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Reading

This library was created to work as easy as possible without any configuration by default. If your class property names match your CSV file header names, it's as simple as this.

var csv = new CsvReader( textReader );
var records = csv.GetRecords<MyClass>();

Getting All Records


The most common scenario is using one of the GetRecords methods. You can specify the type of object you want returned, and it will return an IEnumerable that will yield results. This means when iterating the results, only a single record will be in memory at a time, instead of the entire file. Records aren't pulled until you actually start iterating the results.

If you want to use an anonymous type as your record, you can get the records by supplying a type definition. You can use default( type ) for value types, and new for reference types.

GetRecords

Returns an IEnumerable<T> of records.

// By type
var records = csv.GetRecords<MyClass>();
var records = csv.GetRecords( typeof( MyClass ) );

// Dynamic
var records = csv.GetRecords<dynamic>();

// Using anonymous type for the class definition
var anonymousTypeDefinition =
{
    Id = default( int ),
    Name = string.Empty,
    MyClass = new MyClass()
};
var records = csv.GetRecords( anonymousTypeDefinition );

EnumerateRecords

You can also enumerate the records while re-using a class instance that you give. Each enumeration will hydrate the given record, but only the mapped members. If you supplied a map and didn't map one of the members, that member will not get hydrated with the current row's data. Be careful. Any methods that you call on the projection that force the evaluation of the IEnumerable, such as ToList(), you will get a list where all the records are the same instance you provided that is hydrated with the last record in the CSV file.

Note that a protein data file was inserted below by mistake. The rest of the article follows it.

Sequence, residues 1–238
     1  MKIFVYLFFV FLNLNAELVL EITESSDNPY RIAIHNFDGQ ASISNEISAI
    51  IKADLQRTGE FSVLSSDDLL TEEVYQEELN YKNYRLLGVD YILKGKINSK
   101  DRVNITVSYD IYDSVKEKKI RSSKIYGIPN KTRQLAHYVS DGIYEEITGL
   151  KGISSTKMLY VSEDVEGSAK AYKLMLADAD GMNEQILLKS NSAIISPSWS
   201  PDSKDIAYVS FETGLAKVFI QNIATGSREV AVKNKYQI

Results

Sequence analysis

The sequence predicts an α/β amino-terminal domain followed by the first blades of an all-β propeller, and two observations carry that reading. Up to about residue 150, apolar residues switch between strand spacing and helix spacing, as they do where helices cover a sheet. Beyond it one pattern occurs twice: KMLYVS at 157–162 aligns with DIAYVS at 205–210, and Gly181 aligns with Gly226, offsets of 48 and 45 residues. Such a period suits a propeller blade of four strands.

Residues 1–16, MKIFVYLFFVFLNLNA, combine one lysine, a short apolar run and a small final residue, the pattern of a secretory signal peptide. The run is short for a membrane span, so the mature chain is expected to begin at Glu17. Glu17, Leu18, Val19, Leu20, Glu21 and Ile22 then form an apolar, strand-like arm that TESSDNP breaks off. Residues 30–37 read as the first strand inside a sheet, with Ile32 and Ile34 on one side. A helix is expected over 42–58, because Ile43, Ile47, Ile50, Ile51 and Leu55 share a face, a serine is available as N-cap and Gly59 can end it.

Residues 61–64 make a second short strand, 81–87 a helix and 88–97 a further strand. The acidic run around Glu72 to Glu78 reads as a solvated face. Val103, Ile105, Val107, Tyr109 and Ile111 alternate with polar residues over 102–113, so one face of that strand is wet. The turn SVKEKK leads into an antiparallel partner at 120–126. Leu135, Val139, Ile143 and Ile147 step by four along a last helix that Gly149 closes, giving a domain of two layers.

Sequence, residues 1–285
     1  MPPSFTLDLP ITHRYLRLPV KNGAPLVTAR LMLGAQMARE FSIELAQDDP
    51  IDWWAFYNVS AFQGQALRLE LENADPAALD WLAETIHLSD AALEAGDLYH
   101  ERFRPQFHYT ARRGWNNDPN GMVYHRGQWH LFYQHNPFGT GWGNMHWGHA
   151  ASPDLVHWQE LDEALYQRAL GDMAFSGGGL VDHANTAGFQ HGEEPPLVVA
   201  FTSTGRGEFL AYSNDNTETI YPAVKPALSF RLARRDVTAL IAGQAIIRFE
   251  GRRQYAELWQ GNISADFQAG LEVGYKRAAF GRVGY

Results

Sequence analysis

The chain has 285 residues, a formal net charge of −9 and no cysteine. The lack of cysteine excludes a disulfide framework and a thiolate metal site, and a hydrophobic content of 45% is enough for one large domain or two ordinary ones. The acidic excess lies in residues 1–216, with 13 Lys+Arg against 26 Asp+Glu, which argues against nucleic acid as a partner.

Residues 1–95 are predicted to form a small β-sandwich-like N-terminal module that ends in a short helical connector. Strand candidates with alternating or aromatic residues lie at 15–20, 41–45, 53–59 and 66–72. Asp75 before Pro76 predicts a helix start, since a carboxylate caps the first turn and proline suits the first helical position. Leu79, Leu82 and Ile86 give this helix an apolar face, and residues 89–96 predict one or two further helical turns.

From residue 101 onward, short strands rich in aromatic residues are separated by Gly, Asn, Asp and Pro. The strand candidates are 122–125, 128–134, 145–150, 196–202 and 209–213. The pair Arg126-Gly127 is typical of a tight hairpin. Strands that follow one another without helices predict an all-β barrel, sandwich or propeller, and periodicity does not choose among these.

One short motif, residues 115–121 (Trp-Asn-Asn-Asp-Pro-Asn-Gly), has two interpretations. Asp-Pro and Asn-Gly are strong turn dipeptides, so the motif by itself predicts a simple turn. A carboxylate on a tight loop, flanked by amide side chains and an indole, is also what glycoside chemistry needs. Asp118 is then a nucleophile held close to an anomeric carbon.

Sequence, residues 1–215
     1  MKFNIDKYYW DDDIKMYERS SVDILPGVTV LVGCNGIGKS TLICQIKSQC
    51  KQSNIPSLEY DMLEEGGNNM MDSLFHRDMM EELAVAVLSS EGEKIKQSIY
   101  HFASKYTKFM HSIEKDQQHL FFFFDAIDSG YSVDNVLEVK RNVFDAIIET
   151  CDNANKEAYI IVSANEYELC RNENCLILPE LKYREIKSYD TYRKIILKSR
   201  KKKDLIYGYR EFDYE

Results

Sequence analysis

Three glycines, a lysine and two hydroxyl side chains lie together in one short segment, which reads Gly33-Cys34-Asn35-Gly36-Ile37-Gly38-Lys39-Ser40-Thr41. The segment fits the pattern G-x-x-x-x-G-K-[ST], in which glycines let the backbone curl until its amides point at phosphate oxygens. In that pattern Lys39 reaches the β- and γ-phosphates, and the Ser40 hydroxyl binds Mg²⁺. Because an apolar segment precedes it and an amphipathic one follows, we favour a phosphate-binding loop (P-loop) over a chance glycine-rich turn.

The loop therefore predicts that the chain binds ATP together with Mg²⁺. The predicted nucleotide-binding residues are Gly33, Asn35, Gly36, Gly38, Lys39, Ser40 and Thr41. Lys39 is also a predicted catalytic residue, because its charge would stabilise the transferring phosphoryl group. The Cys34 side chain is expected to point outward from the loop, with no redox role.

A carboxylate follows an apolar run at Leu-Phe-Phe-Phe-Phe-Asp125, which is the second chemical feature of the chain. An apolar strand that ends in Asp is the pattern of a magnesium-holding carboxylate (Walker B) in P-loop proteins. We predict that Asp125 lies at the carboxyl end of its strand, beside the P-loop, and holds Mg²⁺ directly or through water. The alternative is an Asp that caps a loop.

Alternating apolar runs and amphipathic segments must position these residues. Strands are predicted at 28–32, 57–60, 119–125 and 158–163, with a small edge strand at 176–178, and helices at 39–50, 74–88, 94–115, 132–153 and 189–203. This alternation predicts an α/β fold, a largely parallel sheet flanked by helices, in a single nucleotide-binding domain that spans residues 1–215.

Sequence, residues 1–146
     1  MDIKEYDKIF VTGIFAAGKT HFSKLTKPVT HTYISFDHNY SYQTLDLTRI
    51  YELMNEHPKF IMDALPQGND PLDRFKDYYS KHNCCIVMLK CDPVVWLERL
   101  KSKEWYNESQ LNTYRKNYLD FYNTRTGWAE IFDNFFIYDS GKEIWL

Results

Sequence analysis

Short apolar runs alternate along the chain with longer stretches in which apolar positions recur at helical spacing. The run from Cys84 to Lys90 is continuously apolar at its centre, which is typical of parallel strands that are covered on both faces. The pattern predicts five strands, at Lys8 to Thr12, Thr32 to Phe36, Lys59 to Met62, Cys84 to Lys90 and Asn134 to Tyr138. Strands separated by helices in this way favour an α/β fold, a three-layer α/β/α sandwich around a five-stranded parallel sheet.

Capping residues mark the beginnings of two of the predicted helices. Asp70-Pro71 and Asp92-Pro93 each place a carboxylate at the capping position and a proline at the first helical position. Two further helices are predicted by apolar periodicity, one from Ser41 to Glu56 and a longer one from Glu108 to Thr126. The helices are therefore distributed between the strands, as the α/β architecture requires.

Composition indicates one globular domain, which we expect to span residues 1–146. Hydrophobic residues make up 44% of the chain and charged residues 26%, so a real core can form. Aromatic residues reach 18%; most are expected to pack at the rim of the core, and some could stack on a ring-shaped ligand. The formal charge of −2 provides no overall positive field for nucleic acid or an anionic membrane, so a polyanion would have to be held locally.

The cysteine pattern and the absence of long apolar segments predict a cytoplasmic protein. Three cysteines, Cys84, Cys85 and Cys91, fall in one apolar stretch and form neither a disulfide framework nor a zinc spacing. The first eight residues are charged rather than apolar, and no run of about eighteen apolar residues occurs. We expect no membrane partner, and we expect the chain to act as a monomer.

var record = new MyClass();
var records = csv.EnumerateRecords( record );
foreach( var r in records )
{
    // r is the same instance as record.
}

Reading Records


To be able to get individual records or even fields, you need to iterate through the records. This is done using the Read methods. Read will advance the reader to the next record. You must call Read before you can get any records or fields. When GetRecords, Read is automatically called for you.

Read

This will advance the reader to the next record.

csv.Read();

ReadAsync

This will advance the reader to the next record asynchronously. If the TextReader that was supplied is tied to a network or some other slow to read functionality, reading asynchronously is probably a good idea.

await csv.ReadAsync();

ReadHeader

The header in a CSV file is just another record, but it has special meaning. If your file has a header record, you'll need to read the header after the first read. After that you can loop the records and read them. This will allow you to be able to read headers on different rows, or even multiple headers.

csv.Read();
csv.ReadHeader();